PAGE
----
You’re no good! Who do you think you are? How dare you presume to help other people when you can’t possibly know what it’s like for them to live with symptoms! It’s obvious to certain people that you hate them. You’re responsible for their agony. Why do you think you could be a role model? Most people don’t want to hear what you have to say. Maybe it’s true that most people can’t recover.
And so the beat goes on, and on and on. Though I do have faith in my vision of a better life for those of us living with SZ, it’s not always enough of a puffed-up feeling to insulate me when the self-doubt whips at my mind. What causes this critical narrator to harsh on me with unpredictable force? Is this a trait I was born with, or did it intensify over the years as I tried to get approval from my mother, who loved me but didn’t always show her love? I always felt like nothing I did was ever good enough for her.
In my early years of recovery, I had a negative self-perception, even though I did find a full-time job and had a sunny studio apartment. My therapist, A., knew I was hard on myself. With him, and through honest self-scrutiny, I began to develop effective coping techniques.
An effective technique I used is creative visualization. One day, poring through the catalogues that came in the mail, I saw one for the Pottery Barn that had on its cover a modern update on an apothecary chest. Something about seeing a chest of drawers into which I could place things neatly, with “a place for everything, and everything in its place,” gave me an idea. I would visualize the image of an apothecary chest when I was overwhelmed with feelings. When I was sad or angry or beating on myself, I’d store each mood in its own drawer so that it didn’t overflow my mind and take control.
Another picture in my head empowered me, and I created it accidentally. I was at work, and pressed the button for the lobby in the elevator, but when the door opened 19 floors below, a brick wall popped up where the waiting area should be. I was in the sub-basement! Luckily, I pressed the alarm button and the guard sent me back up within five minutes. After this snafu, whenever I wanted to set boundaries with other people, I’d visualize a brick wall standing between us.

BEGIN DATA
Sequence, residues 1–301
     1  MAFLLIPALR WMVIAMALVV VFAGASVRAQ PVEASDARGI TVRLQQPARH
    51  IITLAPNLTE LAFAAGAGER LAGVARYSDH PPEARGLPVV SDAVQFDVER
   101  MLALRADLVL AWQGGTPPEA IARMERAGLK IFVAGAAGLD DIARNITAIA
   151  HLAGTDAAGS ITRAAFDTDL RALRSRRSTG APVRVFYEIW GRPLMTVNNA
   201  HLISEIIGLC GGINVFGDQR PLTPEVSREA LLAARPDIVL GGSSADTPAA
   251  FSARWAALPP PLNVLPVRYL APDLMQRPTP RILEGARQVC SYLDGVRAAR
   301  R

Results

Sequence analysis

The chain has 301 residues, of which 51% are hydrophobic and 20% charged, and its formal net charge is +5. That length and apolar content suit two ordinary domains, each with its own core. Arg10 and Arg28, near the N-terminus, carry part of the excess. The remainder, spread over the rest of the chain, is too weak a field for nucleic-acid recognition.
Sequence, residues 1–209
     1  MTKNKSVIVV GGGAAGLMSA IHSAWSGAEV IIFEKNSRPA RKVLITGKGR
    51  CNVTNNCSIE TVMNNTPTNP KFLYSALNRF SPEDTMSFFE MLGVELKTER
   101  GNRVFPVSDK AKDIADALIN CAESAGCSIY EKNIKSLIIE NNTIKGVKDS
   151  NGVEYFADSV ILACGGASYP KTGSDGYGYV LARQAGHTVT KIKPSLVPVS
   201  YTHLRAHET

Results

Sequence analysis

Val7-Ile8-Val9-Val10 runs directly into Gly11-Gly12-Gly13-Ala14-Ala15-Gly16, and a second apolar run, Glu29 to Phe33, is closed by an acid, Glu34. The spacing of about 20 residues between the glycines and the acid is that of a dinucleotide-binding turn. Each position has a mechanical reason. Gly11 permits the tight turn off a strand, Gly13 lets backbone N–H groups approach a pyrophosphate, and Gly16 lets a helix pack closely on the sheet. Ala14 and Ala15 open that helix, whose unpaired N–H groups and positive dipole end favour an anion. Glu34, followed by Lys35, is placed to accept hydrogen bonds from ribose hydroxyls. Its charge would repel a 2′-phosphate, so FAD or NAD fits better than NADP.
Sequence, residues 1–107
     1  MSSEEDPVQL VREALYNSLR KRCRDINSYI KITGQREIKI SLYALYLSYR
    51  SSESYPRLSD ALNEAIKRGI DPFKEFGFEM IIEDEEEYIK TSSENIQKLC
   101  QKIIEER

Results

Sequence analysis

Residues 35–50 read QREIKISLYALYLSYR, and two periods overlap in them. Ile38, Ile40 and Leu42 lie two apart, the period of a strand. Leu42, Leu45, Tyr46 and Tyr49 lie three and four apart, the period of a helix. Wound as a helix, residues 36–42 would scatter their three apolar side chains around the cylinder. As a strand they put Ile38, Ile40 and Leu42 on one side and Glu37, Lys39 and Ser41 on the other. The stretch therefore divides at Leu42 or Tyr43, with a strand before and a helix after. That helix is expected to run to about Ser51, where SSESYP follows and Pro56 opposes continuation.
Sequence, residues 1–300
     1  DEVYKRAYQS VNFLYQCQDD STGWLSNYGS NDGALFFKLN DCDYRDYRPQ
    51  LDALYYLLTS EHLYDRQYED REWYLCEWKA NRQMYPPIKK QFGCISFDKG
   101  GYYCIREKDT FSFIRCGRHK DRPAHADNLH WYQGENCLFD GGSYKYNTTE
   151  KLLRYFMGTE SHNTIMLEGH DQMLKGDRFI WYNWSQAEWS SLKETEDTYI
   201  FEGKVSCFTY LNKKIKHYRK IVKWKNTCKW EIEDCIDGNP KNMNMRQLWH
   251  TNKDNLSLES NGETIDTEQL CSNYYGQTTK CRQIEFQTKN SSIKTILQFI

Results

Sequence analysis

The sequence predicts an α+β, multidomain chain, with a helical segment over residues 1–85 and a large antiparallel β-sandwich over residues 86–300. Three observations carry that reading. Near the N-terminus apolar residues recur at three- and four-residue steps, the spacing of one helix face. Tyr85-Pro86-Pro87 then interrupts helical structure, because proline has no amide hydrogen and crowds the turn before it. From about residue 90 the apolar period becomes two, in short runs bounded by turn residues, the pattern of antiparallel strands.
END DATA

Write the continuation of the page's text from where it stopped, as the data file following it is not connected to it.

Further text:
One of the first boosters I found for my battered self-esteem was developed with my counselor in the halfway house. He took out a pad and had me write down five positive things I liked about myself. Mind you, I could barely find one! Yet I took him up on the offer: I’m worthy. I’m capable. I’m beautiful. I love myself. I’m happy. Though I felt it wasn’t true, each day I wrote down things I liked about myself, and slowly but surely they came true. Even as recently as two or three years ago, I kept such a “grateful journal” in which I listed at least 15 things I appreciated about myself and what I’d done that day. I bought a cheap but colorful hardbound journal, and wrote in it a stream of positive traits and activities, re-reading them each night to remember I had done good.